Join Britt Andreatta for an in-depth discussion in this video Managing remote employees, part of Management Fundamentals.
- With today's technology, it's likely that you have employees working remotely. Nearly 2/3 of US companies give employees workplace flexibility. This can range from the colleague who works from home a few days per year to the employee who permanently lives and works in another geographic location. You may even lead virtual teams with members spread around the globe. A lot of wonderful tools make this all possible. File sharing and cloud based tools make it easy for people to work on projects and documents together without actually being together.
E-mail, instant messaging, and video calls have turned our phones and computers into high-powered communication devices that can cross continents and time zones. While all of this leads to enhanced productivity, it can also lead to some challenges for today's manager. Let's explore some methods you can use for maximizing the benefits while mitigating the risks. Set people up for success with the right technology. Remote employees can only be successful if the technology works. You need to outfit your people with the right tools, including internet access, computers or laptops, and software.
Make sure that they have what they need, and develop a schedule for keeping everything up to date. Measure work by deliverables rather than activities. Since it will be harder for you to observe people actually working, you need to shift your focus to the results of their efforts. Focus on outcomes or products. This shift should be addressed in your performance management process in terms of how goals are set and how and when you measure success. Focus on communication and inclusion. One of the pitfalls of remote employees is they can miss a lot of the spontaneous communication that occurs when people gather near the copier or coffee machine.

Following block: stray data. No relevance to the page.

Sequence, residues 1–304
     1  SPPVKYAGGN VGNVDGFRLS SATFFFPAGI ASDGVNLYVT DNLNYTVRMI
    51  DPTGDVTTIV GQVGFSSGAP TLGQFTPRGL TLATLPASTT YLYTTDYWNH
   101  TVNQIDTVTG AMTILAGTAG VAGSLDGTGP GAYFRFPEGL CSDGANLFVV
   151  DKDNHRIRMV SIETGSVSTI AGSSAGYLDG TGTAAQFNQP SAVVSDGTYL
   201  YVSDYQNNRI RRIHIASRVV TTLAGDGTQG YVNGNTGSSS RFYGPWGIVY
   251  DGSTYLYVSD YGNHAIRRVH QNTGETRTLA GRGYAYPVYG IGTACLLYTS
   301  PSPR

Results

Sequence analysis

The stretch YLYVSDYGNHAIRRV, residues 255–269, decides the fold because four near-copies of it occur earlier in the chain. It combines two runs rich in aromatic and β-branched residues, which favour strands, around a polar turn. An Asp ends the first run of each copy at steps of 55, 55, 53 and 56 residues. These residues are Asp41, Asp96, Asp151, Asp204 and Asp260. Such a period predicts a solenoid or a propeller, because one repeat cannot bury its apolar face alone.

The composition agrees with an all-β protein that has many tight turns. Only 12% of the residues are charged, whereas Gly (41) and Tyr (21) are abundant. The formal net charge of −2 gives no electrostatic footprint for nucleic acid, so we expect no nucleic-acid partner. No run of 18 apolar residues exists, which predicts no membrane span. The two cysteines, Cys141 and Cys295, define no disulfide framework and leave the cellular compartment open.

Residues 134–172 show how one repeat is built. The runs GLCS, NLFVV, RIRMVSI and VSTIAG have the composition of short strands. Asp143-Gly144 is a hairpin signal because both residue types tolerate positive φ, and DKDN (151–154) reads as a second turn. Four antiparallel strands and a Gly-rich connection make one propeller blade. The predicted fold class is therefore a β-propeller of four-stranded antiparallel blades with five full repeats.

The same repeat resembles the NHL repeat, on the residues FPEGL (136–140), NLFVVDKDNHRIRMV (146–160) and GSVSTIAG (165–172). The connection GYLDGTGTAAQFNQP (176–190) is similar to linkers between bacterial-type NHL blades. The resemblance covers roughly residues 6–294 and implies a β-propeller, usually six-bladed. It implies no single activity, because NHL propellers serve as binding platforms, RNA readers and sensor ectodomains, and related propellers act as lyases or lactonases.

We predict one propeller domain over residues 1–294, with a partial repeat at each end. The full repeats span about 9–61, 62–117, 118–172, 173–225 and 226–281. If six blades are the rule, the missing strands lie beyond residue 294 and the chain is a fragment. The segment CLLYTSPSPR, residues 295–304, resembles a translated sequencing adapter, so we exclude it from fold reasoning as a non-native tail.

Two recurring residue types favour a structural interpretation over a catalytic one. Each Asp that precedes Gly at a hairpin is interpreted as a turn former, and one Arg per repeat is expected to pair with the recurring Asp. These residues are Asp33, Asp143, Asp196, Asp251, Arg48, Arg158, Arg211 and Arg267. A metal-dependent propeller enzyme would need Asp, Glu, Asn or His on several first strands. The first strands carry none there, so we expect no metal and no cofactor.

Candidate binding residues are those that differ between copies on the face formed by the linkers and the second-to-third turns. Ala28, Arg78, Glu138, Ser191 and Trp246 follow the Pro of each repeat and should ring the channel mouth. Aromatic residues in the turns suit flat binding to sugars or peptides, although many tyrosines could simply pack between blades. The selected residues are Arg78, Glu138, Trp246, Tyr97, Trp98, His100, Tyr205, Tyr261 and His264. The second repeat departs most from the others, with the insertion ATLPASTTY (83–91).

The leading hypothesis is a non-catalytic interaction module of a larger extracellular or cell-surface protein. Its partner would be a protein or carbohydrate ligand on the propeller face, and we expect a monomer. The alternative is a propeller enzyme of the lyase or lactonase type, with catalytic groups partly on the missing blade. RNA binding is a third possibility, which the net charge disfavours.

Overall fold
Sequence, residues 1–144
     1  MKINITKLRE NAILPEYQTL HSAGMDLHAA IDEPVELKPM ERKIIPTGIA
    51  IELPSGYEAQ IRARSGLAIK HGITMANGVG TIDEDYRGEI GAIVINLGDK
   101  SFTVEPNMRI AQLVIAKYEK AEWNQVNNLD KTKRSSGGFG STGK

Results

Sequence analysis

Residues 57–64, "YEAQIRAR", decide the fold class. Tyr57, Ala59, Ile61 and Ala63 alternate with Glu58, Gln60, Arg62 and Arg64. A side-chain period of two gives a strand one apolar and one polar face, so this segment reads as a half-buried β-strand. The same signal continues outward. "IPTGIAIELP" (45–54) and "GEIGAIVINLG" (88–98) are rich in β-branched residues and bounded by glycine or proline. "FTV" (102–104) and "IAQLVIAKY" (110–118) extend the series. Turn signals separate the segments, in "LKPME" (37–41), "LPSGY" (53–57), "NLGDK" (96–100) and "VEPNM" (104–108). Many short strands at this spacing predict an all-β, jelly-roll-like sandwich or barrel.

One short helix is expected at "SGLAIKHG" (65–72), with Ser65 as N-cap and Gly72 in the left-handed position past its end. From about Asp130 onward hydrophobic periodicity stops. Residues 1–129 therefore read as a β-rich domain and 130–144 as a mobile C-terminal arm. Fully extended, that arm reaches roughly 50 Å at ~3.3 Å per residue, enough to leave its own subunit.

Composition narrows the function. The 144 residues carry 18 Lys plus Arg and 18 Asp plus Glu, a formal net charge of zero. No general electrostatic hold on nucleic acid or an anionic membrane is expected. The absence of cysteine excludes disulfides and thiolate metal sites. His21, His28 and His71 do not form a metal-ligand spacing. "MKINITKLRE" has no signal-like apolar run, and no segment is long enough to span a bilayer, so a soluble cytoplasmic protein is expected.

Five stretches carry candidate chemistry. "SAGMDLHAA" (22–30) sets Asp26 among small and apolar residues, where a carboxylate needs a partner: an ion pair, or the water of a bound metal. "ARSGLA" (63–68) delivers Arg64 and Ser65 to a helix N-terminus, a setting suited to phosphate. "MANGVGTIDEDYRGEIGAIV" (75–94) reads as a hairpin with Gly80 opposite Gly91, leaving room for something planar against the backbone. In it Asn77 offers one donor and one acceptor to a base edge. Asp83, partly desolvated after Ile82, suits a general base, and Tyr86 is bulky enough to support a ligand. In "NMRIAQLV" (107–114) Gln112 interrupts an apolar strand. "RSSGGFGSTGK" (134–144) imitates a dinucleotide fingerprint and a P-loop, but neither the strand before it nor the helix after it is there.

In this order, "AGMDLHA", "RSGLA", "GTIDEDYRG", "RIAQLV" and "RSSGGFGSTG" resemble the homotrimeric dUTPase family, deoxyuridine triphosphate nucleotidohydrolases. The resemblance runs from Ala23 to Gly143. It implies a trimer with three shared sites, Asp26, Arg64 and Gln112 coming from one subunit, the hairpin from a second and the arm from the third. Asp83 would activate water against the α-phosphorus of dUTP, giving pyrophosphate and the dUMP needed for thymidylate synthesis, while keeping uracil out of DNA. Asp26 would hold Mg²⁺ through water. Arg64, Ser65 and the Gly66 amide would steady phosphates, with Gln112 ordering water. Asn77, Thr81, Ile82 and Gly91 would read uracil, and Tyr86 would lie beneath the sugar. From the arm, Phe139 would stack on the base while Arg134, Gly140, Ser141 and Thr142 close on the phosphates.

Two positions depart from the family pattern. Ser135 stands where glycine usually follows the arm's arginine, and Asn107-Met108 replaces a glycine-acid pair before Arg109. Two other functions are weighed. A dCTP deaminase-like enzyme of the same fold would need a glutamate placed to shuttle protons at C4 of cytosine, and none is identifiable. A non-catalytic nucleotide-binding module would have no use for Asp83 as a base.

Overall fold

Encourage both the local and remote employees to use tools like instant messaging and video calls to include people in the informal exchanges that occur every day. Also, consider how you can include your remote employees in the culture of the organization. Whenever you have something for the local employees, see how you can create a mirror for your remote people. You can certainly include them in onsite trainings and events by making remote viewing possible. But what about the birthday celebration for a colleague? Consider bringing a laptop so they can attend via video.
Or what about the family day at the local zoo? Send them tickets to the zoo in their town. Help them create a healthy work-life balance. Research has shown that remote employees tend to put in more hours than their local peers. This is both good and bad news. It means that you don't have to worry about them goofing off, but you do need to worry that they'll overwork, which can lead to burnout. Discuss how they'll monitor their work time so they don't overdo it. And also have them create a dedicated workspace so they keep work separate from their home life.